Support for Natural Parents should be Key Factor by 'Social Services'

18th February 2009

Story (By Nick Tarver)

I AM Writing concerning the proposed adoption of the four-year-old girl whose father has been accused of causing brain damage to his son years earlier (Advertiser, February 4). 

The mother has done nothing wrong and it is despicable and inhuman act to remove from her the child whom she bore and loves.

The sanctimonious pontification by Andrew Fraser seems to be couched in terms of self-justification and smacks of an attitude that social services is always right and no one else has any right to question their decisions.

Sadly, there are well-documented cases proving social services has a record of removing the wrong children and leaving those that should be removed to be abused or killed by their carers.

Having said that, the protection of children is essential and obviously, in this case, concerns exist with regard to the father. As there is a difference of opinion between experts over this, what should be happening in my opinion is that the child should be left with her natural family, who should be strongly supported by social services, so that the situation can be closely and effectively monitored.

The objective should be to build up this family, not to destroy it. However social services is unable to provide that support because of a lack of funding, but this does not excuse the attitude. It is regrettable that what has happened in this case gives strength to the argument that social services will always work against the natural family if it is possible to do so, and by and large, is a totally incompetent organisation.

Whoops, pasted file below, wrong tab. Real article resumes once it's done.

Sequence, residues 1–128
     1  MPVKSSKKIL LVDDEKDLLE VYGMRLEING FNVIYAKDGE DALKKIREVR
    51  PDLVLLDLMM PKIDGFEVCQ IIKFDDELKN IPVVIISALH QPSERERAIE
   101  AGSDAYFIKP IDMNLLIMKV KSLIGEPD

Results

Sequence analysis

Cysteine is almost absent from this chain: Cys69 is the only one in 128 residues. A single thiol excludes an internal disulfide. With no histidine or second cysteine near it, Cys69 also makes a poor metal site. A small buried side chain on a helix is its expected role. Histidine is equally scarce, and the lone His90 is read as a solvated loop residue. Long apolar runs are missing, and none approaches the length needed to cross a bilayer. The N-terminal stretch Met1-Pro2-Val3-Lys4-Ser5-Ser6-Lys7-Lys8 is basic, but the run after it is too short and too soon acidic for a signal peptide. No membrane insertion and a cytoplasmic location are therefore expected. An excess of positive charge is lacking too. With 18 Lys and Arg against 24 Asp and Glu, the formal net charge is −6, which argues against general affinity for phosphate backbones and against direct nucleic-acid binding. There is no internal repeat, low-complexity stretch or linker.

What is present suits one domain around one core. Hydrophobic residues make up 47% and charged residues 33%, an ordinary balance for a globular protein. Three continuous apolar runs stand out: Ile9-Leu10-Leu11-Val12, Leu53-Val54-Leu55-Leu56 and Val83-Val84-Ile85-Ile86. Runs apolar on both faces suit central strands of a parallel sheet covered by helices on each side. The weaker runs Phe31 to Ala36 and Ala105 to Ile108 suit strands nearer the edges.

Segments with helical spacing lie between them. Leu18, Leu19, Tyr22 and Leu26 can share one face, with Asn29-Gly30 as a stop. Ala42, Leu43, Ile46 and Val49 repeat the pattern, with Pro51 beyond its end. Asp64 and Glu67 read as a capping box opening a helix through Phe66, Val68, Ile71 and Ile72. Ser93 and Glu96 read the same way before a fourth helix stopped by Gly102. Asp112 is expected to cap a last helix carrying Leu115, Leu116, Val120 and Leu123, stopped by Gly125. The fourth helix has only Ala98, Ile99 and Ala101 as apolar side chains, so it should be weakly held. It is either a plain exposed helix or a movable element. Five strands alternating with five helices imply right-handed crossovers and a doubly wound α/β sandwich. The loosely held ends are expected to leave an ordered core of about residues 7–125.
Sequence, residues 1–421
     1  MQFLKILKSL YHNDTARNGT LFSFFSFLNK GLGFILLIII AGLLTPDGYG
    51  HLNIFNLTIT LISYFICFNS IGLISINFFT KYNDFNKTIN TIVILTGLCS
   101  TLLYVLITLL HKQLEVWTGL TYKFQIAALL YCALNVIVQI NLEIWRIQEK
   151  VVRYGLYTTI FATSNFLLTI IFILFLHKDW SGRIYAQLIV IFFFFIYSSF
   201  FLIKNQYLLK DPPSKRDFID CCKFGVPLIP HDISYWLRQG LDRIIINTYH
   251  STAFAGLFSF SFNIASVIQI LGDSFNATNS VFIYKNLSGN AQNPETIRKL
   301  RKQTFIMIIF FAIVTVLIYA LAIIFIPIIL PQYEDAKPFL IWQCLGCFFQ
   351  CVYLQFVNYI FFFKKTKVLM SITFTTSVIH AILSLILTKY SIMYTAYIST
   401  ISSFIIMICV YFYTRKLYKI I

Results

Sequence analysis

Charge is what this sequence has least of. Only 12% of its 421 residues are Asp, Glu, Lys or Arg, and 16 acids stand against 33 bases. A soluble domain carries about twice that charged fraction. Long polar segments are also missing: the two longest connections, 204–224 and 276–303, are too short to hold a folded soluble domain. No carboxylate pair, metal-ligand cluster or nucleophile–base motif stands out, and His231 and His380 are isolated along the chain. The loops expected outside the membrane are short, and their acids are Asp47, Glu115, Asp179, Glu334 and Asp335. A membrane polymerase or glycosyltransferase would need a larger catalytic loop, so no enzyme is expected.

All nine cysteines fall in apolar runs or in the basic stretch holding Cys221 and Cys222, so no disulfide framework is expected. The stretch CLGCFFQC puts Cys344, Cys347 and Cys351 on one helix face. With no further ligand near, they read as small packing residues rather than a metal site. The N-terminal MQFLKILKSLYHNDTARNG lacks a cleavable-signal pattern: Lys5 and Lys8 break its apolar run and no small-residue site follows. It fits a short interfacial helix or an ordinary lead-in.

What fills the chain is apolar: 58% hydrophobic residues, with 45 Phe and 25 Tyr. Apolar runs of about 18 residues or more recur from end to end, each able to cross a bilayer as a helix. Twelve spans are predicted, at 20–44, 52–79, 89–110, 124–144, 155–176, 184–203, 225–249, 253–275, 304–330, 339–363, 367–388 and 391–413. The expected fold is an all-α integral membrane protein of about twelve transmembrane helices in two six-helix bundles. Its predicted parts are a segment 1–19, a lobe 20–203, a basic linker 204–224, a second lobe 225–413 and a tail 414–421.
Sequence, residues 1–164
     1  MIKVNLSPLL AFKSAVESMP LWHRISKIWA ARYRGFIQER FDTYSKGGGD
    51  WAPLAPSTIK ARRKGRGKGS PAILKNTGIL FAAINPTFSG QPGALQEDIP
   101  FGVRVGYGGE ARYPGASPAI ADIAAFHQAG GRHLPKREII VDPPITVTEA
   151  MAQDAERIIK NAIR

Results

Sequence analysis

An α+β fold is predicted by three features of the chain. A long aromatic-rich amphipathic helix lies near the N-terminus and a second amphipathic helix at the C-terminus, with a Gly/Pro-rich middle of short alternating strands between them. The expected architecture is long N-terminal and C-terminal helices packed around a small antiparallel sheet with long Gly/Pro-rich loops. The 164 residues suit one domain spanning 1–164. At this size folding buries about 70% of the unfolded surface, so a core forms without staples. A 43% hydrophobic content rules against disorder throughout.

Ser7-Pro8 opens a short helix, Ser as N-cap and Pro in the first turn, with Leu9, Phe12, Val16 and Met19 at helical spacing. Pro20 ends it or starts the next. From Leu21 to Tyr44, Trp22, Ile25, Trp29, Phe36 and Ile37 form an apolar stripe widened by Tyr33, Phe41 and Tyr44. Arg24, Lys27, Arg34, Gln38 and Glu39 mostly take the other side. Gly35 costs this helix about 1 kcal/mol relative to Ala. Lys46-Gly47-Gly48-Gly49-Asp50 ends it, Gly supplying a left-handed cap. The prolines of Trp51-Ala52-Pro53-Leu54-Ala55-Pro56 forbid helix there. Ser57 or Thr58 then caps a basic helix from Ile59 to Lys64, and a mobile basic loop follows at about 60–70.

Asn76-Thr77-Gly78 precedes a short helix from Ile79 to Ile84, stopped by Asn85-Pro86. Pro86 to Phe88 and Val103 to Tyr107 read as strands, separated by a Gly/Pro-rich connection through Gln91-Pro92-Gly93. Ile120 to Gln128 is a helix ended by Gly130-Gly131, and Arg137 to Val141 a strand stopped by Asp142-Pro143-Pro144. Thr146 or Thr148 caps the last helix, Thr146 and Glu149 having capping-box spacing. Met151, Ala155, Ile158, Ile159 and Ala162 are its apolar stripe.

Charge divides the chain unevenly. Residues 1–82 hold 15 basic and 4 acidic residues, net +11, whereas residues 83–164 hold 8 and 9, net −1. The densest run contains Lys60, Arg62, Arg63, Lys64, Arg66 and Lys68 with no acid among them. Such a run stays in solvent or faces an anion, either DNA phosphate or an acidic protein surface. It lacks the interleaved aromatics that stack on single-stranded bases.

It is a perception the department does nothing to allay because of the institutional attitude that appears to exist at the top of the organisation. While there are cases such as this on the one hand, and Baby P on the other, the feeling that the department is useless will continue.

It is also demoralising for those social workers who can be relied upon to give good advice and support where it is needed, the benefit of whose help I have received on a number of occasions over several years.

Surely there is some action that can be taken to reverse the manifest injustice that you have reported. Why can you not organise some support for this family?